You may not think twice about them after turning on your porch lamps at dusk and seeing little powdery, brown moths flock to the light source.
But from the abundant owlet moths, which are typically the kind you’ll see flitting about your yard at night, to the mellow, yellow of a fluffy imperial moth, there are several species of eye-catching moths that can be spotted in your own backyard.
These variations in size and color serve as deterrents to predators, said Anthony Zukoff, a Department of Entomology research scientist with K-State’s Southwest Research Extension Center, via email.
“While some moths use camouflage to avoid predators, others use bright colors to deter would-be predators,” he said. “Bright colors can be a warning sign that the moth is toxic if ingested. Also, brightly colored patches on wings, sometimes called eyespots, can appear to be eyes and can act to intimidate predators.”
Zukoff said there are many North American moths that have large ranges of habitable areas. This means the caterpillars develop on a variety of plants instead of just one particular species.
“A moth in Kansas may be native to Kansas but also native to Missouri, Iowa, Nebraska, et cetera,” he said. “Some moths are found across the entire country, so you could say they are simply native to North America. There are some moths that have extremely limited ranges, however. One very striking moth that does migrate and can be found in Kansas during the summer months is the Black Witch moth. It is large, dark and bat-like. This moth moves out of Mexico and migrates all the way to Canada.”
Below are some species that have been spotted around Manhattan by residents:
Distinguished by bright-green wings that taper into a trail, the luna moth’s wings can stretch to 4 1/2 inches. Its caterpillars feed on leaves from walnut, hickory, sweet gum and other trees. It’s rare to spot an adult moth as they only live for a week. Once they have emerged from their cocoons, the moths do not have a mouth or digestive system, so they don’t eat.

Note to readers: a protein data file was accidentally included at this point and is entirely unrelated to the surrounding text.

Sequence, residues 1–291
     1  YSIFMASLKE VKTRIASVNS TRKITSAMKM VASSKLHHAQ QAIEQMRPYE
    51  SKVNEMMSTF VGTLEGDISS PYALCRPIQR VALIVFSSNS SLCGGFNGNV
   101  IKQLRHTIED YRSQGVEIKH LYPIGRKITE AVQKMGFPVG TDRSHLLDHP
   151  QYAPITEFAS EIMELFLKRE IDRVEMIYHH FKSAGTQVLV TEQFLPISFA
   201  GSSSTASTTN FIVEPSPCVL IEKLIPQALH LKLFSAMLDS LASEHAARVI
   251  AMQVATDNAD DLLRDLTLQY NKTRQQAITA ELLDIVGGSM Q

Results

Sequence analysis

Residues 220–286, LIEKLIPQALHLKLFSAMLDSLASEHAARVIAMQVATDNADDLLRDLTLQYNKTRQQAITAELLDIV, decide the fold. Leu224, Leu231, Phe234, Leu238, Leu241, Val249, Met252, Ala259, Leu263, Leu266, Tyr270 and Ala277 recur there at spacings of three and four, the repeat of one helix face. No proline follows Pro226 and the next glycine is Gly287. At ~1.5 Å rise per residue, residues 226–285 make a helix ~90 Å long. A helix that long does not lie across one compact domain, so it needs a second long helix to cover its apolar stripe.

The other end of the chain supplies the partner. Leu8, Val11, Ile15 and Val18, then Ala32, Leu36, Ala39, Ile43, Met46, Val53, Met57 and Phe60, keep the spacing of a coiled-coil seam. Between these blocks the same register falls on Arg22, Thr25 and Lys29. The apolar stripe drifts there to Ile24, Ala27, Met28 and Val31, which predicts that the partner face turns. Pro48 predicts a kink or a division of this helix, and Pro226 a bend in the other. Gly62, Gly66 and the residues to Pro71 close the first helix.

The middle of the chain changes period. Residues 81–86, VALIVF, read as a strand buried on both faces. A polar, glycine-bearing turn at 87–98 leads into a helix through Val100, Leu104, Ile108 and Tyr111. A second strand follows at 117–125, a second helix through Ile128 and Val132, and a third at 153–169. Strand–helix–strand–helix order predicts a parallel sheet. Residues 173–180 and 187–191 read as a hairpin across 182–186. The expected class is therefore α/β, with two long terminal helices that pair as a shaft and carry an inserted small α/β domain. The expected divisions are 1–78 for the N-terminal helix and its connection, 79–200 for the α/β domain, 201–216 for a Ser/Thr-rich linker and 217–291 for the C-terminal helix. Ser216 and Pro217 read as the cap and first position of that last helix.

Cecropia moths are the largest found in North America, with a wingspan of 5 to 7 inches. They’re known for their red-colored bodies and dark colored wings that are marked with white, red and tan bands and spots. This species also doesn’t eat as an adult because their sole purpose is to mate.
The name hails from Polyphemus, a cyclops in Greek mythology who had one, large eye in the middle of his forehead. The polyphemus moth has distinctive eyespots on its lower wings. It can be found in all but the western third of Kansas, Zukoff said, but this moth is an example of one that can be found in most of North America. The caterpillars develop on several types of trees and shrubs, so their food source is plentiful.
Imperial moths can vary in their coloration, but they are usually a combination of mottled yellow and brown. Their wings can reach from 3 to 7 inches, and the females are usually larger than males, while males are typically more marked than females.
“The imperial moth in Kansas is restricted to the eastern portion of the state where prairie transitions to eastern deciduous woodland as the caterpillars develop on a variety of tree species,” Zukoff said.
White-lined sphinx moth
This particular moth is part of the Sphingidae family, more commonly known as hawk moths, sphinx moths and hornworms. They usually fly later in the day or night but also can be seen during the day occasionally. When massive populations build up, they emigrate to more northern areas.
“The white-lined sphinx is one of the most common sphinx moths in the state,” Zukoff said. “The caterpillars eat a huge variety of plants. This sphinx can sometimes become a pest of tomatoes, like the tomato hornworm.”
If you’re interested in trying to attract moths to your own yard, Zukoff said, there may be a few ways. He said one method is to set up a black light against a hanging, white sheet after dark.
“This is called ‘black lighting’ and it will attract many species of insects, including moths,” he said. “Another method people use to attract moths is called ‘sugaring.’ This is when a mixture of fermenting or old fruit is smashed and mixed with a sugar of some type and then smeared on tree trunks or fence posts. Planting night-blooming flowers will attract moths as well, especially hawk moths.”